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Switching from allopurinol to febuxostat: efficacy and tolerability in hemodialysis patients
Journal of Pharmaceutical Health Care and Sciences volume 1, Article number: 28 (2015)
Febuxostat is a novel xanthine oxidase inhibitor. However, few studies have examined the long-term efficacy and tolerability of febuxostat after switching from allopurinol in hemodialysis (HD) patients. Therefore, the present study evaluated the long-term efficacy and tolerability of febuxostat in HD patients after switching from allopurinol.
We monitored the levels of hemoglobin, hematocrit, platelet count, blood urea nitrogen, serum creatinine, serum sodium, serum potassium, serum chloride, serum calcium, serum inorganic phosphorus, aspartate transaminase, alanine aminotransferase, alkaline phosphatase, lactate dehydrogenase, and total protein that were considered overall as a tolerability index, while the serum uric acid (UA) level was considered an index of efficacy. All values were measured at baseline and at 1, 6, 12, and 16 months after the switch to febuxostat therapy. All subjects switched from allopurinol (100 mg/day) to febuxostat (10 mg/day) in August 2013. Clinical laboratory data were collected at baseline in July 2013 until December 2014. Nine patients were included in the study analysis. Results showed that clinical laboratory data at baseline versus those at 16 months were not significantly different. Serum UA levels, which represented the efficacy index, were significantly different between the baseline level (6.8 ± 1.4) and those at 1, 6, 12, and 16 months (5.2 ± 1.1, 5.1 ± 1.1, 4.6 ± 0.9, and 5.4 ± 1.8 mg/dL, respectively; all p < 0.05).
Switching from allopurinol to febuxostat in HD patients reduced serum UA levels, with no changes in other clinical laboratory data in the long term.
Hyperuricemia is known to be associated with hypertension, vascular disease, chronic kidney disease (CKD), and cardiovascular disease (CVD) . CVD is associated with a risk of morbidity and mortality in hemodialysis (HD) patients , and CKD patients receiving urate-lowering therapy are mainly treated with xanthine oxidase (XO) inhibitors .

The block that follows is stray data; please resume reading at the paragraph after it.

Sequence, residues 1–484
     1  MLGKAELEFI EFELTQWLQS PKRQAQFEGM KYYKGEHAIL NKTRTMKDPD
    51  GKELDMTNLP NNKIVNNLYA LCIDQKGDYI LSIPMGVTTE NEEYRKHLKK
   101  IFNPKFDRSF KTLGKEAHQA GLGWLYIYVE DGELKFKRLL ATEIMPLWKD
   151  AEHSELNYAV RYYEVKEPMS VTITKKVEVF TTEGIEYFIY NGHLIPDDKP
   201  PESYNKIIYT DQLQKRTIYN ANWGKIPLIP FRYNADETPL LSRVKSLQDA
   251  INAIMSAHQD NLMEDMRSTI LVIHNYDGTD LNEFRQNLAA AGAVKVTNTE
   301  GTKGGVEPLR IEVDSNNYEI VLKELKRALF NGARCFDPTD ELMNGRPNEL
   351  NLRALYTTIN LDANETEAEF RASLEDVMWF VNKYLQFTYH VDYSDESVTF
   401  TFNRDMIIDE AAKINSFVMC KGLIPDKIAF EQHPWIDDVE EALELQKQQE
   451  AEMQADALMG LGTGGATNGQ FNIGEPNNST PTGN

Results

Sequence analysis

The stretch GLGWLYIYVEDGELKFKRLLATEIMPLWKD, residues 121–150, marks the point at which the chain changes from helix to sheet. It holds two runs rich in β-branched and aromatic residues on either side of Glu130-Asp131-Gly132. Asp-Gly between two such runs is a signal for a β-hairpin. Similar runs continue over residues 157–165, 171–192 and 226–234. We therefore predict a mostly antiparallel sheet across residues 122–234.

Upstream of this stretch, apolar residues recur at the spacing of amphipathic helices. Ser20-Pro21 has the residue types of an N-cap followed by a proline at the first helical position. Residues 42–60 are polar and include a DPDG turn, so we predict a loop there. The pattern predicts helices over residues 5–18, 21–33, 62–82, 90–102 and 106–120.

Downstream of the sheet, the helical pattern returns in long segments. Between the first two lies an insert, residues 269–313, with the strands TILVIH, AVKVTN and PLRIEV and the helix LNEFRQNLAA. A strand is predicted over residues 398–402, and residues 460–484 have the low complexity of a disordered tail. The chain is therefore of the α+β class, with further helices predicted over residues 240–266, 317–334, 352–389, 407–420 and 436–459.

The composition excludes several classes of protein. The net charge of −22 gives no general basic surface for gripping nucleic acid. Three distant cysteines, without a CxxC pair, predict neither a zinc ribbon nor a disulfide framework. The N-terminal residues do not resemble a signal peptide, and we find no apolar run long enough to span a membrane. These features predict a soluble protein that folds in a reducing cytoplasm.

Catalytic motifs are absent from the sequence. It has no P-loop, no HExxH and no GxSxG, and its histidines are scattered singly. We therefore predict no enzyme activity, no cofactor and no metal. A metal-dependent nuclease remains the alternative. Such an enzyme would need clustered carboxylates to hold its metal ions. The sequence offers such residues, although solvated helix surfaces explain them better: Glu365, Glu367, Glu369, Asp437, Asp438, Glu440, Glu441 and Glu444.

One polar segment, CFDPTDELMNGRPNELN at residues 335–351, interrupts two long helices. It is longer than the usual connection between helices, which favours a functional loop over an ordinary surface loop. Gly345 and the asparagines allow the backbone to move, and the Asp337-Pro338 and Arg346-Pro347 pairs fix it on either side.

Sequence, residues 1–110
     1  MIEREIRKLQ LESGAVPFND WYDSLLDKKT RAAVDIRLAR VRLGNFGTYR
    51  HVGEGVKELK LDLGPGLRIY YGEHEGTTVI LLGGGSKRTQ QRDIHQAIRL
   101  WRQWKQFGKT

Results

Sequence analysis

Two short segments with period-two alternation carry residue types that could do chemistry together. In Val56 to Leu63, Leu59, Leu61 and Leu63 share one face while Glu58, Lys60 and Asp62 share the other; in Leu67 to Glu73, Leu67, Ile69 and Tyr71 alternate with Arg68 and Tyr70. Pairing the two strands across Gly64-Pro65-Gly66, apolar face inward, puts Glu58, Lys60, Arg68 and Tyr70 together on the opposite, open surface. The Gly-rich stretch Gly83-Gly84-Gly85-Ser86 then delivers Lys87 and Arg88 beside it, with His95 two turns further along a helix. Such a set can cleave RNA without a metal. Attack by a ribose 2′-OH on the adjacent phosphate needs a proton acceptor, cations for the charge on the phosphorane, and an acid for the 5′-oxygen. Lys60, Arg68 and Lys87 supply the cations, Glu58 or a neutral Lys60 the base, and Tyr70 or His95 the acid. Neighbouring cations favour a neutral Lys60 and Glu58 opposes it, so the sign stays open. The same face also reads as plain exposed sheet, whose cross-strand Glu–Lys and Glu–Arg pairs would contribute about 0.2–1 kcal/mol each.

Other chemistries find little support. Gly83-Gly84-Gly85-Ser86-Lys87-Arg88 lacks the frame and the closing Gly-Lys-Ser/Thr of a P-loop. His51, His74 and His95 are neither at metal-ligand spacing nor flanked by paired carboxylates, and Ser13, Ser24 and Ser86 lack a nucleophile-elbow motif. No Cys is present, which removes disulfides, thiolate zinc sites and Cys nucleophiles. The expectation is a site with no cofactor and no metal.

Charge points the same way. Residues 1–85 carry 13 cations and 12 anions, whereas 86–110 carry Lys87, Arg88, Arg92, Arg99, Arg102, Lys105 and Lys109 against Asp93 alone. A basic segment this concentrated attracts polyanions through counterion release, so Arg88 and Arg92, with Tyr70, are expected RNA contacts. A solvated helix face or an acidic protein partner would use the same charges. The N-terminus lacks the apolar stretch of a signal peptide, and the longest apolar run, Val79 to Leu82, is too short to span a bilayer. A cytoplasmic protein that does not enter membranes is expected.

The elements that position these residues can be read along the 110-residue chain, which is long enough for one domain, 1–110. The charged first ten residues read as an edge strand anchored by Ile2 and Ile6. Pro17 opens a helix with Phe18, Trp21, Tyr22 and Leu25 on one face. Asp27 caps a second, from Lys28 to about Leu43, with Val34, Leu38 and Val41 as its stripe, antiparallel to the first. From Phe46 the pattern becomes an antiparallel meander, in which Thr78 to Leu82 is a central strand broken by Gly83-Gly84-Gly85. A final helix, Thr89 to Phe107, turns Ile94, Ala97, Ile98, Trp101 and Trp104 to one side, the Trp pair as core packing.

Febuxostat is a novel XO inhibitor with urinary and fecal pathways of excretion (49.1 and 44.9 %, respectively) . In a systematic review and meta-analysis study, febuxostat did not reduce the risk of gout flares compared with allopurinol, but the risk of adverse events was lower in febuxostat compared with allopurinol, and febuxostat was more likely than allopurinol to achieve serum uric acid (UA) levels of <6 mg/dL . In another study, the incidence of adverse events was similar between allopurinol and febuxostat . These studies suggest that allopurinol is a safe option in non-CKD patients. Oxypurinol, the major metabolite of allopurinol, is excreted via the kidney . Some studies have demonstrated an increased risk of allopurinol-induced adverse reactions in CKD patients; however, the studies evaluating allopurinol use in CKD patients have shown inconsistent findings in relation to its safety and efficacy .
In HD patients, febuxostat therapy lowered serum UA levels significantly after 6 months . In CKD patients, switching from allopurinol to febuxostat significantly decreased serum UA levels after 12 months . However, to date, few studies have examined the long-term efficacy and tolerability of febuxostat when switching from allopurinol in HD patients. Side effects of febuxostat therapy for hyperuricemia in CKD patients have been reported [9, 10], but few studies have examined the pharmacokinetics of febuxostat in HD patients . In HD patients, we hypothesized that efficacy and toxicity may be increased because serum concentrations of febuxostat might be higher than those in non-HD patients. Therefore, in this study we evaluated the long-term efficacy and tolerability of febuxostat in HD patients after switching from allopurinol.